Even if the water park does not interest you, make sure you still check out the Banana Cafe on-site for the best banana split and frozen choc bananas you would ever have!
Forest Sky Pier
After visiting The Big Banana Fun Park, you can take a 15-minute scenic drive up the hills to check out the Forest Sky Pier.
This drive to the Forest Sky Pier is very scenic, along which you will be driving through lush green mountain ranges with clusters of banana farms. There is also an intriguing waterfall along the drive, which flows beside a residential building. As the road approaches the Forest Sky Pier, it gets narrow with some potholes around, so be careful when driving there.
With that said, once you are at the car park, Forest Sky Pier will be right next to it. This makes the sky pier an excellent spot to visit for people with mobility issues as well.
Forest Sky Pier is a wooden boardwalk extending 21 metres above the rainforest beneath. It provides an unparalleled panoramic view of the Coffs Coast and the beautiful rainforest it is sitting above. It is a not-to-miss lookout when visiting Coffs Harbour, so make sure you check it out too!
Right next to the car park, you can find a small cafe, sheltered picnic facilities, and public toilets. Short walks around the Orara East State Forest are also available from the car park. So you can spend a few hours exploring this forest’s wildness and stunning views if desired.
If you are after some adrenaline kicks, Tree Climbing and zip-lining are also available near Forest Sky Pier. If interested, you can check out Treetops Adventure for more details.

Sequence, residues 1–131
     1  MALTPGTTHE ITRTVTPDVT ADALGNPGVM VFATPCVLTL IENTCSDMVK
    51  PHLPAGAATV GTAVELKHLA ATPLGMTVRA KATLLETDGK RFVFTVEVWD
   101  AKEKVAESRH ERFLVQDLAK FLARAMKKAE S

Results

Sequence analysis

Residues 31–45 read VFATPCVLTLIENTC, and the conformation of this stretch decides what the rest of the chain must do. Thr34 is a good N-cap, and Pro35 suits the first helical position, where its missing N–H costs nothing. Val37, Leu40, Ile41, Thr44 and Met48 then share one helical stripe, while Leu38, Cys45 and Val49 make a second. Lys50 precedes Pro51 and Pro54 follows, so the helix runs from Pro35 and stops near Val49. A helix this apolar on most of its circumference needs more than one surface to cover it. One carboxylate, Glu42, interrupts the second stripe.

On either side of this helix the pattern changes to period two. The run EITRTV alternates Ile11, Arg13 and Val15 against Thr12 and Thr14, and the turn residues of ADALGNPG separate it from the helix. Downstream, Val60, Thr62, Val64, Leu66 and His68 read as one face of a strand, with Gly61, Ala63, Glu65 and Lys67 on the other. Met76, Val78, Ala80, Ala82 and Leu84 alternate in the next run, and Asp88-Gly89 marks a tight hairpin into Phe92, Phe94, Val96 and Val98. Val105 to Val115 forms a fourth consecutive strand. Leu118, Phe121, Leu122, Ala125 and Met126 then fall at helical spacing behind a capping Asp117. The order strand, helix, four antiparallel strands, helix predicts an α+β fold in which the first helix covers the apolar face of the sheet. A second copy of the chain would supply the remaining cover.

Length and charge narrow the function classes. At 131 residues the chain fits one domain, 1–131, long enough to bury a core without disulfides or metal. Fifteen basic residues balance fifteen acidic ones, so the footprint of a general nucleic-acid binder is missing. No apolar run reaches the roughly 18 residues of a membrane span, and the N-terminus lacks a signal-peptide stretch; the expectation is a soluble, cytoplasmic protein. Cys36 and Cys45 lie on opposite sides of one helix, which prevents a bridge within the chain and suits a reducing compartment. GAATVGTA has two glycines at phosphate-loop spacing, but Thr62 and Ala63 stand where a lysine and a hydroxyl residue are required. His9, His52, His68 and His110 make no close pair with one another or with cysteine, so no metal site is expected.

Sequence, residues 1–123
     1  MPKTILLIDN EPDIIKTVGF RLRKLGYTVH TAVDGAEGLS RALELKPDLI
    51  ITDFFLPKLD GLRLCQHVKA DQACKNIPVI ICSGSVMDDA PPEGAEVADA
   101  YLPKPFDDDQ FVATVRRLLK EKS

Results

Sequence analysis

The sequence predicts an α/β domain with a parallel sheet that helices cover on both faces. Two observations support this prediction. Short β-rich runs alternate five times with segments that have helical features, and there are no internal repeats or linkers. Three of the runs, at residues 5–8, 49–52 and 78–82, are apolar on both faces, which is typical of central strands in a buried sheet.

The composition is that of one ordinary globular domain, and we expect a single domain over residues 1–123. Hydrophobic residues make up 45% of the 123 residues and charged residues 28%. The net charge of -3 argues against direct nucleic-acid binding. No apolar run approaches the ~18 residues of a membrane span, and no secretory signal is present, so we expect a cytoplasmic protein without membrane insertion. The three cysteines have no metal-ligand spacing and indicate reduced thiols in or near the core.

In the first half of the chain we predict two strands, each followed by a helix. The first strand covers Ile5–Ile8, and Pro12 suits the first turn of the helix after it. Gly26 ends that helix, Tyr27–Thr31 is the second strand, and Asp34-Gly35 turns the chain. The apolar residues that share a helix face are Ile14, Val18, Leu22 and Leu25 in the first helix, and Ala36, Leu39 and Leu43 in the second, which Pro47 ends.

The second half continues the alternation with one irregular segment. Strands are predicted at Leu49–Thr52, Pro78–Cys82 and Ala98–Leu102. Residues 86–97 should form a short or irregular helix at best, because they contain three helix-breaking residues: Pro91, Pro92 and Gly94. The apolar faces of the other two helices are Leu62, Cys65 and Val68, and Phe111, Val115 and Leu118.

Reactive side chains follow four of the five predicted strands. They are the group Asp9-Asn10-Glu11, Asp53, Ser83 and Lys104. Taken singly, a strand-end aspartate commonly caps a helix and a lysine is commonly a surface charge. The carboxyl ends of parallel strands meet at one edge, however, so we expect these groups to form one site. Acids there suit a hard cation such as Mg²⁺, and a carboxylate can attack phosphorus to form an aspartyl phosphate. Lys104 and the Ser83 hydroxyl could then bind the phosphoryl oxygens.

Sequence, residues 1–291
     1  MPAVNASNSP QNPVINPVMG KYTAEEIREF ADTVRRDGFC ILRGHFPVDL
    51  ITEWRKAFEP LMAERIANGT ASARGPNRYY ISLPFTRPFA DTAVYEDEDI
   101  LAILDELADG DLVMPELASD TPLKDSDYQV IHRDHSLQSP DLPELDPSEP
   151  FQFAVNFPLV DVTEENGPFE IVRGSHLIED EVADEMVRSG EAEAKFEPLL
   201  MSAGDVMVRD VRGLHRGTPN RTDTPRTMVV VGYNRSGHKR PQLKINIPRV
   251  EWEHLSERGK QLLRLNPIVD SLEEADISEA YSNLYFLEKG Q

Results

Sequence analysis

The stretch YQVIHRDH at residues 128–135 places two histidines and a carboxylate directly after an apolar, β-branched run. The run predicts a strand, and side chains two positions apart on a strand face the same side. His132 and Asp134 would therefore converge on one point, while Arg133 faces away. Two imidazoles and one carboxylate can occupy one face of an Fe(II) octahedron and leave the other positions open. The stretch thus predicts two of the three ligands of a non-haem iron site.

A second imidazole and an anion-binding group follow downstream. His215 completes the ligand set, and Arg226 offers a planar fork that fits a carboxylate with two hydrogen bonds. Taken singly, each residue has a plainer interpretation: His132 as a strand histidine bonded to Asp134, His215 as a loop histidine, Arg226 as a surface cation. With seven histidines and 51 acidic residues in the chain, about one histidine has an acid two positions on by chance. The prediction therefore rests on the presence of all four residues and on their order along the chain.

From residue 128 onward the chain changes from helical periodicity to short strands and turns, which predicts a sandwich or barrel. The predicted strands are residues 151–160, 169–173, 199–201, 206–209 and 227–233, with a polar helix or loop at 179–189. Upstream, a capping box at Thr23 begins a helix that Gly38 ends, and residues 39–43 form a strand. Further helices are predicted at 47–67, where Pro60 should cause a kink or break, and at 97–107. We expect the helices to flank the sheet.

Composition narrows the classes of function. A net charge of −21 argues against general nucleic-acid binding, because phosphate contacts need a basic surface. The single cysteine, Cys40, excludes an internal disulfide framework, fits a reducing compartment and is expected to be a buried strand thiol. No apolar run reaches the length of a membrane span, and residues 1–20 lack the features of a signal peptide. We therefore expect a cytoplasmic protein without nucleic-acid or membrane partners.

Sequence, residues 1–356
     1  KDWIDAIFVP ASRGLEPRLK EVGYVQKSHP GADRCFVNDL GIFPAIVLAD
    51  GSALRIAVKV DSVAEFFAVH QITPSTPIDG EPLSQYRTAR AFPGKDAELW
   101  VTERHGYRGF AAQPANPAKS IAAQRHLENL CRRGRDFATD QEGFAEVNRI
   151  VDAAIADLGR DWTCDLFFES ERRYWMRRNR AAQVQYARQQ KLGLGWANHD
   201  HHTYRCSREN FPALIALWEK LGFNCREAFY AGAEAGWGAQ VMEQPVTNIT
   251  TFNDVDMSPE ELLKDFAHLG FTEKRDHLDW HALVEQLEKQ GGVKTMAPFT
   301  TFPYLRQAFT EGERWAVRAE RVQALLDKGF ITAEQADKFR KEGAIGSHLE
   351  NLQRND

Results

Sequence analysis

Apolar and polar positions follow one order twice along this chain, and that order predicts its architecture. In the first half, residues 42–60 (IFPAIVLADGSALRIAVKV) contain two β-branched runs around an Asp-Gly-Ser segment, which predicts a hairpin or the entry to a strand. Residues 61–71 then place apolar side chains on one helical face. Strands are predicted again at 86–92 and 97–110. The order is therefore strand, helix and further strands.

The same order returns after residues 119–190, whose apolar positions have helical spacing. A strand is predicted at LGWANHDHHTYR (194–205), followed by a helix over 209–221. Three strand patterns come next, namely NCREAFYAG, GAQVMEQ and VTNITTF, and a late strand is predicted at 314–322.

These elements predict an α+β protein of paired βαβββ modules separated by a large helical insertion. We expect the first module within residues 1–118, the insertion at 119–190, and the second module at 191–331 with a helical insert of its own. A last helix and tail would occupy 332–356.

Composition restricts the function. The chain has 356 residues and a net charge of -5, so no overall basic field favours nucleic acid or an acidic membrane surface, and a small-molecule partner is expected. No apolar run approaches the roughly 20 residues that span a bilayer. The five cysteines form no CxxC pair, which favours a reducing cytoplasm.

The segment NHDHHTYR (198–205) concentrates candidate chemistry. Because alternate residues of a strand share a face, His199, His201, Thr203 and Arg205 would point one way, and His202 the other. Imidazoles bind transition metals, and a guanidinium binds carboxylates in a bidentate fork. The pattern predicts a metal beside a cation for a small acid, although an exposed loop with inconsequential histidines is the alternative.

On your way back to Coffs Harbour, watch out for the banana stalls along the roadside on Bruxner Park Road. There are usually bananas for sale from the farms along this road. These are all honesty stalls & receive cash only, so make sure you have a few gold coins ready.
If you still have some daylight left after visiting Forest Sky Pier and Orara East State Forest, you can head back to the coast to check out the breathtaking views at Sawtell Beach.
Sawtell Beach is a 30-minute drive from Forest Sky Pier and a less than 15-minute drive from Coffs Harbour city centre. It is a long stretch of soft sandy beach along the southern end of Coffs Coast. Its southern end is protected by various rock formations, which creates a much calmer water environment than its northern ends. You can also find many beautiful natural rock pools among these rock formations, making it an excellent spot for families with kids to explore.
Picnic facilities and public toilets are available around Sawtell Beach. With nearby streets lined with shops and restaurants, you can spend an entire day at Sawtell Beach if desired.
When visiting Sawtell Beach, make sure you also take a short stroll up the headland on its southern end. This walk will provide a spectacular view of the impressive Coffs Coast and the wild Pacific Ocean. Towards the end of this coastal walk, you will arrive at the amazing Bonville Head Lookout, where you can also obtain a stunning bird’s eye view of the pristine Bonville Beach.
Just past Bonville Head Lookout, you can also find an ocean pool. It is a great spot for a cool swim, especially when the water gets too rough on the beach.